Advances in Animal and Veterinary Sciences

Research Article
Adv. Anim. Vet. Sci. 9(8): 1259-1266
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Hamdy M.B.A. Zaki*, Mohamed M.T. Emara, Marwa R.S. Abdallah

Department of Food Hygiene and Control, Faculty of Veterinary Medicine, Cairo University, Giza square, Giza 12211, Egypt.

Abstract | Smoked fish is considered one of the most commonly consumed aquatic food. The impact of fish smoking technology on the quality criteria varies depending on the smoking time and/or temperature as well as the type of fish used. This study focused on studying the effect of using three different hot smoking durations (30, 45, and 60 min.) on different quality attributes of both marine fish (Epinephelus marginatus) and freshwater fish (Lates niloticus) during chilled storage (4ºC) under vacuum packaging for three months. Results revealed that 60 min. smoking of fish fillet achieved the best quality results as it increased the phenolic substances that resulted in a marked decline in the lipid oxidation criteria. Furthermore, increasing the smoke duration significantly decreased the microbial count of the total anaerobic sporeformers, Staph aureus count, and mold counts to below the detectable limit (<2 log10 CFU/g) while the aerobic plate count reached 2 log10 CFU/g by 60 min smoking in both fishes. Moreover, protein and salt content increased by increasing smoking time, while moisture and the available water (aw) content decreased. Sensory evaluation revealed that 45 min. and 60 min. smoking had the best sensory score compared to 30 min. smoking. All measured attributes increased gradually during chilled vacuum storage.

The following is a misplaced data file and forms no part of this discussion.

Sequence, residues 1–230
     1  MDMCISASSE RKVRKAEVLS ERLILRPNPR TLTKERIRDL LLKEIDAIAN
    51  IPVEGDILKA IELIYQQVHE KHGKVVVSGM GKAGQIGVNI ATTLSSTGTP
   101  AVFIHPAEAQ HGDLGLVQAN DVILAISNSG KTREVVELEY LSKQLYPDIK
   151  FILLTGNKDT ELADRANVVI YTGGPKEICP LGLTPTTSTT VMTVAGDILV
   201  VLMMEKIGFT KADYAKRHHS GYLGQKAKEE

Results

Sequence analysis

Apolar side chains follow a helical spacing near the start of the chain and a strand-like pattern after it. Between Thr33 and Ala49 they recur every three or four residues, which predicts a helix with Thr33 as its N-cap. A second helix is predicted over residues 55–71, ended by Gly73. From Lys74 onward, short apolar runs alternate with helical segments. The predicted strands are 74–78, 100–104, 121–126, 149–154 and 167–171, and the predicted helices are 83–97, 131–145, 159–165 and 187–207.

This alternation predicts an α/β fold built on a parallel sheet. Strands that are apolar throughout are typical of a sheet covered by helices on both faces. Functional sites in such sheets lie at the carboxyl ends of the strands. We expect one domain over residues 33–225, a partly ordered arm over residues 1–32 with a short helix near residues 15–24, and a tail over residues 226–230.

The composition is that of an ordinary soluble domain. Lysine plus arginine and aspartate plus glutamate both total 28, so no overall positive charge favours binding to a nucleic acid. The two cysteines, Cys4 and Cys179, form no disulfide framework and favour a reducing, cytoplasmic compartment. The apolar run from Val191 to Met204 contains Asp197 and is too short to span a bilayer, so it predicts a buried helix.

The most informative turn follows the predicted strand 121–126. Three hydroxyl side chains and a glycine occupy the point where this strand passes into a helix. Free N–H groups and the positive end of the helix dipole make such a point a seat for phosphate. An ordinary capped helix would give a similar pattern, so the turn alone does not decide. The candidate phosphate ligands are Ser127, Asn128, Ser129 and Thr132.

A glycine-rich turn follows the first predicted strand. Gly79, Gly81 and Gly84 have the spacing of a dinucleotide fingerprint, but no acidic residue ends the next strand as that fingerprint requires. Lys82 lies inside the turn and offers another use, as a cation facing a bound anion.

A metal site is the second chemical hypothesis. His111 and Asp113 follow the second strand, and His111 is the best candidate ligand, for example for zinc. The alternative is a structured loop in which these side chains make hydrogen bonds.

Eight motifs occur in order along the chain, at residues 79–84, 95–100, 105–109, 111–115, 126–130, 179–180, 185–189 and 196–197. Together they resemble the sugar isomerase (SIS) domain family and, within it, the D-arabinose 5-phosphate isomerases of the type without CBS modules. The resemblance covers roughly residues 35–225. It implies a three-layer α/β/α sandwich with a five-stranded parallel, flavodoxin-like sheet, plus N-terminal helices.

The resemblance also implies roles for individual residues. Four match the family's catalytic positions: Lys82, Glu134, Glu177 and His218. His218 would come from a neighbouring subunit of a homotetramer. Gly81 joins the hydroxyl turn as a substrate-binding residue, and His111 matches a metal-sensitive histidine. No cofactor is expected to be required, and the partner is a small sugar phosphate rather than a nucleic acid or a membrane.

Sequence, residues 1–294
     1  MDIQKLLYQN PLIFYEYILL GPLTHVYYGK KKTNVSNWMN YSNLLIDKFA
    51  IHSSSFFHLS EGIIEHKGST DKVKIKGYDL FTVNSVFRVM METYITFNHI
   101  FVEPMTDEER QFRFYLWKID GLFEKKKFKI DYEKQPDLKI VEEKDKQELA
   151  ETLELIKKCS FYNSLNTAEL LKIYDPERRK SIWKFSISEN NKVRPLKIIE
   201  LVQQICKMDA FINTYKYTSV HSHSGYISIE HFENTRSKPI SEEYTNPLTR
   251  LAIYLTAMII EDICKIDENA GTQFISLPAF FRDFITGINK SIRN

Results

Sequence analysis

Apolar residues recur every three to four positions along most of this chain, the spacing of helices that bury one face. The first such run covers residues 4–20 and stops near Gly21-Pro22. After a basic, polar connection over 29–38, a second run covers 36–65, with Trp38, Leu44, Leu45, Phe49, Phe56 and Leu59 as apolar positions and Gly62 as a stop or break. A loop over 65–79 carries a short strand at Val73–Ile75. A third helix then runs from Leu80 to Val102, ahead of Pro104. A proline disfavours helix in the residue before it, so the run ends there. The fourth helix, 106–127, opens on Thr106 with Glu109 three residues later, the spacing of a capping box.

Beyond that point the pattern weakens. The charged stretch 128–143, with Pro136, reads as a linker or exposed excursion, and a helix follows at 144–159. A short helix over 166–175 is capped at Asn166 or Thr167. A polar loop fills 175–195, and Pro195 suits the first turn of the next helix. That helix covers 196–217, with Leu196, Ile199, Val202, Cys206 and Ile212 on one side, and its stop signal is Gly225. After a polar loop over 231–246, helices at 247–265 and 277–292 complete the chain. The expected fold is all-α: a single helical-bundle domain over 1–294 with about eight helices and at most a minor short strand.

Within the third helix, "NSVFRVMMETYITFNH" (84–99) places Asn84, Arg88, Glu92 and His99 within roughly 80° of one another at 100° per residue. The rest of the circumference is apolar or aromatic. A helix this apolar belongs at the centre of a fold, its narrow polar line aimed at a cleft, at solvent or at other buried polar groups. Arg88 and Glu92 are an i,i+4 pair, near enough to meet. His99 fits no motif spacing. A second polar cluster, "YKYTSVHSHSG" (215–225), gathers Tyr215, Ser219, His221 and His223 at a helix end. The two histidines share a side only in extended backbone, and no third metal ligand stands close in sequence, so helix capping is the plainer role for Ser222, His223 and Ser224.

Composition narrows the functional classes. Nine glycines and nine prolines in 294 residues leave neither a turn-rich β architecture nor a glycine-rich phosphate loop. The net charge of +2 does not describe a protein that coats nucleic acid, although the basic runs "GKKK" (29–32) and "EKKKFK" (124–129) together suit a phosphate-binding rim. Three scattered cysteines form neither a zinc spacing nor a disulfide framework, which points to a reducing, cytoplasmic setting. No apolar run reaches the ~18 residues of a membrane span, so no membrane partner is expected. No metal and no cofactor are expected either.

Keywords | Smoked fish, Hot smoking technology, Lipid oxidation, Microbial profile, Proximate analysis